Worksheets and lesson ideas to challenge students aged 11 to 16 to think hard about solids, liquids and gases (GCSE and Key Stage 3)
The particle model for solids, liquids and gases is a controversial topic in science education. Many teachers believe it introduces misconceptions that we spend time unpicking later. The concept must be approached with real caution so students are helped to make the link between the concrete substance and the abstract particle. The term particle should really be used to refer to an atom, molecule or ion.
Click here for an excellent review of misconceptions involving the particle model from the RSC.
KS3 worksheet for drawing particle pictures. Use peer assessment to mark particle pictures so students are able to “see” what the teacher is seeing. Drawing particle models in beakers can support the concepts of fixed shape and fixed volume, although it is also worth considering what is happening to particles outside the beaker. (PDF)
Tackling misconceptions about the particle model
KS3 worksheet to encourage students to think deeply about particle pictures and states of matter. The worksheet shows a particle picture of a gas within a solid glass jar. The jar is also drawn from particles. Students consider what exists between the gas particles and think about why some substances are gases at room temperature whilst others are solids. This task challenges students to think deeply about the particle model. The simple statement that gases have more energy than solids needs to be reconsidered – at the same temperature, particles of a gas, liquid and solid ALL have the same average kinetic energy. (PDF)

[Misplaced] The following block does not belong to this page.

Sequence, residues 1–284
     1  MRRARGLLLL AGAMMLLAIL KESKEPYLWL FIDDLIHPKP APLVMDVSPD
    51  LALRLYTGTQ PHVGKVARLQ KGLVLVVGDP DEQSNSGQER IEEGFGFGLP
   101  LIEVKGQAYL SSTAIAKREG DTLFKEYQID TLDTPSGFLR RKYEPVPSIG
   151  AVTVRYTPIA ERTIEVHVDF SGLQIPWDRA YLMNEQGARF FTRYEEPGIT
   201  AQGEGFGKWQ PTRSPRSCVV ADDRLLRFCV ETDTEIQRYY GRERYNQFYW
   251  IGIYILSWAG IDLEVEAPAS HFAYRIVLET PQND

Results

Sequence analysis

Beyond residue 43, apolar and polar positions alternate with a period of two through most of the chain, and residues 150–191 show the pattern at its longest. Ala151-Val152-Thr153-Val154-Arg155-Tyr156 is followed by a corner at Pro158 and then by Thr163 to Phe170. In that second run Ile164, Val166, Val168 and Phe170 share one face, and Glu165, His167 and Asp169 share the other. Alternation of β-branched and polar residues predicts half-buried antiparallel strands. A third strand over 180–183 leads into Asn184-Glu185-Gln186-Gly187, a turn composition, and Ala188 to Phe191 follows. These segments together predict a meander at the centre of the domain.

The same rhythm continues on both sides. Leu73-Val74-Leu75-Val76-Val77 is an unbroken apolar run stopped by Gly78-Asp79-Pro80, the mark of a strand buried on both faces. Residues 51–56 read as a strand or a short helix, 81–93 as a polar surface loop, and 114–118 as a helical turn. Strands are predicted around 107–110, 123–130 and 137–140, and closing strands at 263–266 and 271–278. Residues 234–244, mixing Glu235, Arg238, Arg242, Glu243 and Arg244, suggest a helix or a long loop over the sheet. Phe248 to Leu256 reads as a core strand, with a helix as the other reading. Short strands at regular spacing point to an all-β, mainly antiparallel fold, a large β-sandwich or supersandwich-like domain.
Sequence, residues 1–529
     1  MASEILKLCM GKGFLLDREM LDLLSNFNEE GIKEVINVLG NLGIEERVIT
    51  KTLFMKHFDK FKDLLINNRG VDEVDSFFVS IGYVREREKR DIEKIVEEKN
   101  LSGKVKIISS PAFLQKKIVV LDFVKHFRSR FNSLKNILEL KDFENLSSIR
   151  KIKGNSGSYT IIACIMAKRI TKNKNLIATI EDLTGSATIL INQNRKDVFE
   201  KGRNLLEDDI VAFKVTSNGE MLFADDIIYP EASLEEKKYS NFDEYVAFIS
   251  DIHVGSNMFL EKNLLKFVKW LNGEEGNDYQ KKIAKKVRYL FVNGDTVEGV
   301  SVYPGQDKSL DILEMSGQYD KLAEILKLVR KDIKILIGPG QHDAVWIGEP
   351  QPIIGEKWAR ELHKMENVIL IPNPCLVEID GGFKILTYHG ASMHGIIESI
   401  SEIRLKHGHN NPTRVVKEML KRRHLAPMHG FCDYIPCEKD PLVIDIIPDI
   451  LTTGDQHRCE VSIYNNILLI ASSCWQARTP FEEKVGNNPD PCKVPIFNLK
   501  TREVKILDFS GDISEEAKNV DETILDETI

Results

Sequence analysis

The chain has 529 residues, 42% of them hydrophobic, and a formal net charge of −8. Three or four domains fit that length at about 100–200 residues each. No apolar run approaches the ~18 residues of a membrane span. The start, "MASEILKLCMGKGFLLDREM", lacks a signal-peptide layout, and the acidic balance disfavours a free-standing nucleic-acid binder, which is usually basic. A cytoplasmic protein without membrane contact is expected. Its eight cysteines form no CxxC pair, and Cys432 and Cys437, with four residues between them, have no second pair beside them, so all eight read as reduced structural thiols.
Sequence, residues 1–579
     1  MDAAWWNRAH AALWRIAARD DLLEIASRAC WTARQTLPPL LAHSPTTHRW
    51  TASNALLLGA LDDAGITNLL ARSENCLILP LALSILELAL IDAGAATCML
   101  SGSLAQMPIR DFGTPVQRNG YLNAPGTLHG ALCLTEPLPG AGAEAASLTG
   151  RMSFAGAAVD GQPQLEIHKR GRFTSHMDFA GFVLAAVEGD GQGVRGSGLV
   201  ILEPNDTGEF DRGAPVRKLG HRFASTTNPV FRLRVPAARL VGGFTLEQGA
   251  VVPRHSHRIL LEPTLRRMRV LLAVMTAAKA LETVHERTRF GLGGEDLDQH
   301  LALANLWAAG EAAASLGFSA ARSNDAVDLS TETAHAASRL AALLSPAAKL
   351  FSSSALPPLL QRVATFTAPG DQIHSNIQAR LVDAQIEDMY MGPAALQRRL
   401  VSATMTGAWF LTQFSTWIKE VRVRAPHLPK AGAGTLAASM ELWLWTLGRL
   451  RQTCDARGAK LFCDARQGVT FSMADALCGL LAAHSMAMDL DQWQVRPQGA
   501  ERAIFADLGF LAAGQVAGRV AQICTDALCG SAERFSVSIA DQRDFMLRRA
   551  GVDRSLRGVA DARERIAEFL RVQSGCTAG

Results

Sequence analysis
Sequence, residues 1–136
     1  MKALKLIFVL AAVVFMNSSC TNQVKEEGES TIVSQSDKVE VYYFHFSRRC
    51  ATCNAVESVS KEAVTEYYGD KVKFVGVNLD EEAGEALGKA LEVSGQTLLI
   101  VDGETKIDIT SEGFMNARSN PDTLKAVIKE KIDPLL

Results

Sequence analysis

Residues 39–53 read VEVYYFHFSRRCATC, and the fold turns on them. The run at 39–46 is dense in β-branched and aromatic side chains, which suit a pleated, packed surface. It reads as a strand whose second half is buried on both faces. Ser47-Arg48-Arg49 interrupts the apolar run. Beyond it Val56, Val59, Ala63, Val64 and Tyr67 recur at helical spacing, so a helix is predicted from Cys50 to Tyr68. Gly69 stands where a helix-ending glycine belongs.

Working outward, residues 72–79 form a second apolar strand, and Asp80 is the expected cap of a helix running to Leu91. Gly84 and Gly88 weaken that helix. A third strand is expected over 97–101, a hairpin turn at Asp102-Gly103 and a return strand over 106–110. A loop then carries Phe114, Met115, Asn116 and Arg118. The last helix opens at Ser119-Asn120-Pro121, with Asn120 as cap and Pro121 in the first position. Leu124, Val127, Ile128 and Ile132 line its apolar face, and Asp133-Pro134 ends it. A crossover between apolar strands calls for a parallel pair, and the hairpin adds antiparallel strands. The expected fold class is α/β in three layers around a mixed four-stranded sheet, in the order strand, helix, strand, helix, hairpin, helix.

KS3 activity and worksheet on common particle model misconceptions. Students are presented with a number of questions that challenge common misconceptions about the particle model. This activity is best done in small groups. (PDF)
Pressure in gases and particle movement
KS3 activity to get students thinking about particle movement and gas pressure. Students think through a problem involving the movement of a single gas particle inside a container to help them understand pressure. This idea came from discussions with beginning science teachers. (PDF on pressure of gases and particle movement)
Thinking about heating curves and latent heat
KS3 activity to help students think about heating curves and latent heat. Students predict what will happen to the temperature of an ice cube as it is heated. They are presented with four different heating curves and must work out which is correct. The activity finishes with some questions to really challenge students to explain why the temperature of a substance does not change when it changes state. This activity is a good introduction to intermolecular forces. (PDF)